CAH 3165W.10: Later 20th Century Art

Professor Dumbadze

This course is a thematic and historical look at contemporary art from 1945-2001.  Our investigation, while rooted in the art of the United States, will also look at specific international case studies in order to better understand the complexities and composition of contemporary art in the second half of the 20th century. This is a Writing In The Discipline Art History course, which means our class has two interrelated objectives: to gain a wider knowledge of later 20th century contemporary art and to learn how to write clear, cogent, art historical prose.


CAH 4119.80/6215.80: Caravans of Culture: Art & Exchange in the Global Middle Ages

Professor Elliott

The groundbreaking exhibition, Caravans of Gold, Fragments in Time, is changing the way scholars and the public think of the Middle Ages. Rather than an isolated European culture, the medieval period was a global network of trade routes that promoted the movement of goods between Africa and Eurasia. Mansa Musa (r. 1312-37 CE), the Islamic king of Mali, was the wealthiest man in the medieval world because he controlled a vast empire rich in gold. Travelers came to West Africa from all over the world, as evident from archeological discovery of twelfth-century Qingbai Chinese porcelain in Tadmekka, Mali. At the same time, European merchants like Marco Polo (1254-1324) traveled along the Silk Road into Asia and circulated art and ideas from the Mediterranean to China and Japan. Despite the beneficial cultural interactions along the trade routes, people cast faraway places as “other”, so that some points of exchange resulted in conflict. Inspired by the recent “global turn” in Art History, this course will consider the art of the medieval world through what Monica Juneja has called “pathways of portability”. Themes include pilgrimages to real and imagined sacred sites, portable books and objects, medieval maps, monsters and marginalized cultures, medieval reuse and appropriation of ancient materials, and issues of historic preservation. Students will learn about objects from the Caravans exhibition, which is currently on display at the National Museum of African Art (Jul. 16, 2021-Feb. 27, 2022). Students will engage with global textile fragments from the George Washington Textile Museum.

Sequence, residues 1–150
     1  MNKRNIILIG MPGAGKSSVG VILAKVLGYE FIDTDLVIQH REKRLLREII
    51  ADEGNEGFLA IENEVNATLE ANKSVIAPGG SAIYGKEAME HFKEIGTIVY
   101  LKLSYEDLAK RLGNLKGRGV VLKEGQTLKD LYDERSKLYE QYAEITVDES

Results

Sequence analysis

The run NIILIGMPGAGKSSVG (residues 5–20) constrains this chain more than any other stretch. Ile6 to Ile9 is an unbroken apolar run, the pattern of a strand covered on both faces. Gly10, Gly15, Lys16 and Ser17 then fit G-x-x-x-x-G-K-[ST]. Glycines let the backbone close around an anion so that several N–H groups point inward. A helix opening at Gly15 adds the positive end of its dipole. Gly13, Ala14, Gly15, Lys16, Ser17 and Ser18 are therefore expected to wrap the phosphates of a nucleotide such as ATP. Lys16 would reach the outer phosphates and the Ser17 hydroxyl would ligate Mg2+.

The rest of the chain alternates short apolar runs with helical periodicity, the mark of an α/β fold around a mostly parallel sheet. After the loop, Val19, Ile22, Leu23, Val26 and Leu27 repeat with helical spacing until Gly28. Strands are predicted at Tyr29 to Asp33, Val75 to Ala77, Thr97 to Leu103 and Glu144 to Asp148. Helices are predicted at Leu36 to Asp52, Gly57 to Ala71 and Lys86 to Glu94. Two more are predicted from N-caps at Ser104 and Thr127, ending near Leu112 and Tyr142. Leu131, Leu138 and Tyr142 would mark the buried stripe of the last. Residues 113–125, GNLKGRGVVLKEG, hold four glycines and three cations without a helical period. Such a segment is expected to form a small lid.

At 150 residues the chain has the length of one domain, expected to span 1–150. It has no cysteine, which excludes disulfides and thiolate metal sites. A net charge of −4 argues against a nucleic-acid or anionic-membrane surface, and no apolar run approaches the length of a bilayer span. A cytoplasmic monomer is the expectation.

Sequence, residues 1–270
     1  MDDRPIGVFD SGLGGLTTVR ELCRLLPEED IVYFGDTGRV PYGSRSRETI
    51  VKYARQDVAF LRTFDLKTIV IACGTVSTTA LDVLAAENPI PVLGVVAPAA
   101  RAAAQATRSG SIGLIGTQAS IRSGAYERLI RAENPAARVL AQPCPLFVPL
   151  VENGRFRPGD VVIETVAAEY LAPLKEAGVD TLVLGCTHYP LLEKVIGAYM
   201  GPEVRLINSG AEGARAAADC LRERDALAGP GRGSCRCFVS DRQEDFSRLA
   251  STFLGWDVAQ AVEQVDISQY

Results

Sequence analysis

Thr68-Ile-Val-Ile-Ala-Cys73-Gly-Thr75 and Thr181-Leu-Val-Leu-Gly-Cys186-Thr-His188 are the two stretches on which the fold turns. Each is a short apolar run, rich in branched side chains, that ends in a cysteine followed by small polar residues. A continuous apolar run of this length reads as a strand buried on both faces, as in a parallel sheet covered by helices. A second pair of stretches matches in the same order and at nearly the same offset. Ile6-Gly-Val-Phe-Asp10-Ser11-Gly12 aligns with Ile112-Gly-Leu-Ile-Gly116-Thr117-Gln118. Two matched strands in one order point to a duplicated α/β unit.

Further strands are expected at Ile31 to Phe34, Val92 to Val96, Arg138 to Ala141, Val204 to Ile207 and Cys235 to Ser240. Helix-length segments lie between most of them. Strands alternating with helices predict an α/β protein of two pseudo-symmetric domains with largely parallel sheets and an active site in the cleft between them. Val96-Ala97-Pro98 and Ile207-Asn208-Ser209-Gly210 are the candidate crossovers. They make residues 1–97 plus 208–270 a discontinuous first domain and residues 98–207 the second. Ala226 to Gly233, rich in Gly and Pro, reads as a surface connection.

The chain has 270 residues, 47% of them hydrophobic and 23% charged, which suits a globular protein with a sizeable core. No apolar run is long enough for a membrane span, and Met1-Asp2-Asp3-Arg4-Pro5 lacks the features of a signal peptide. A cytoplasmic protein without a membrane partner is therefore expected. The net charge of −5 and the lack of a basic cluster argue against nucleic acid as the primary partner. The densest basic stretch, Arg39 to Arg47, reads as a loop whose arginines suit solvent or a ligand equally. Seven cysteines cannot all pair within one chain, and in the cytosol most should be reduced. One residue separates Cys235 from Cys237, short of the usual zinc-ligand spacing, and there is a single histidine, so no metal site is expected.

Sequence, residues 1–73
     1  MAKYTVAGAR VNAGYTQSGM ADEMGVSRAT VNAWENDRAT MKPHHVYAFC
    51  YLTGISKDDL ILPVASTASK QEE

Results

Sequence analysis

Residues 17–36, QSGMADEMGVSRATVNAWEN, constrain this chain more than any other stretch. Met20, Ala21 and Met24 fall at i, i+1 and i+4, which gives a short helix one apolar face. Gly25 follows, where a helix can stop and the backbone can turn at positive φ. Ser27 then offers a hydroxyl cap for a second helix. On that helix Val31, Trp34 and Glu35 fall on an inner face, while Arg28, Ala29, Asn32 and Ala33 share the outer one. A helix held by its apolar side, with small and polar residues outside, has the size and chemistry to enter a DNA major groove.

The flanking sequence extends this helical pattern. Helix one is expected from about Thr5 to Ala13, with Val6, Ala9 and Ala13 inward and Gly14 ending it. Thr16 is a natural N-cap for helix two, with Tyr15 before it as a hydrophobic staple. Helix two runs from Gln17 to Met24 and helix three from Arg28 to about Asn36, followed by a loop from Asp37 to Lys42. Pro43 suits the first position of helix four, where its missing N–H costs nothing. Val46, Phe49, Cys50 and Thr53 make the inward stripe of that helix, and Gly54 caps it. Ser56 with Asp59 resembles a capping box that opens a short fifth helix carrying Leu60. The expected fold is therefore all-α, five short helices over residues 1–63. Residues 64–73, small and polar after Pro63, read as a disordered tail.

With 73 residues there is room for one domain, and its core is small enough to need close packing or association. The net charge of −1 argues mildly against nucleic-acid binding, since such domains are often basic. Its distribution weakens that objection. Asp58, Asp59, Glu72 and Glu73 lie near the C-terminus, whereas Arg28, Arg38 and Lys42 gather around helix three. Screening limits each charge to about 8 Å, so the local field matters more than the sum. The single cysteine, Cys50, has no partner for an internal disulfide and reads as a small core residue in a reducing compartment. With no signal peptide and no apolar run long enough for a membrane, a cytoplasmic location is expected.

CAH 4129.80/6225.80: Brueghel, Proverbs, & Memory
HONR 2053.87: Brueghel, Proverbs, & Memory

Professor von Barghahn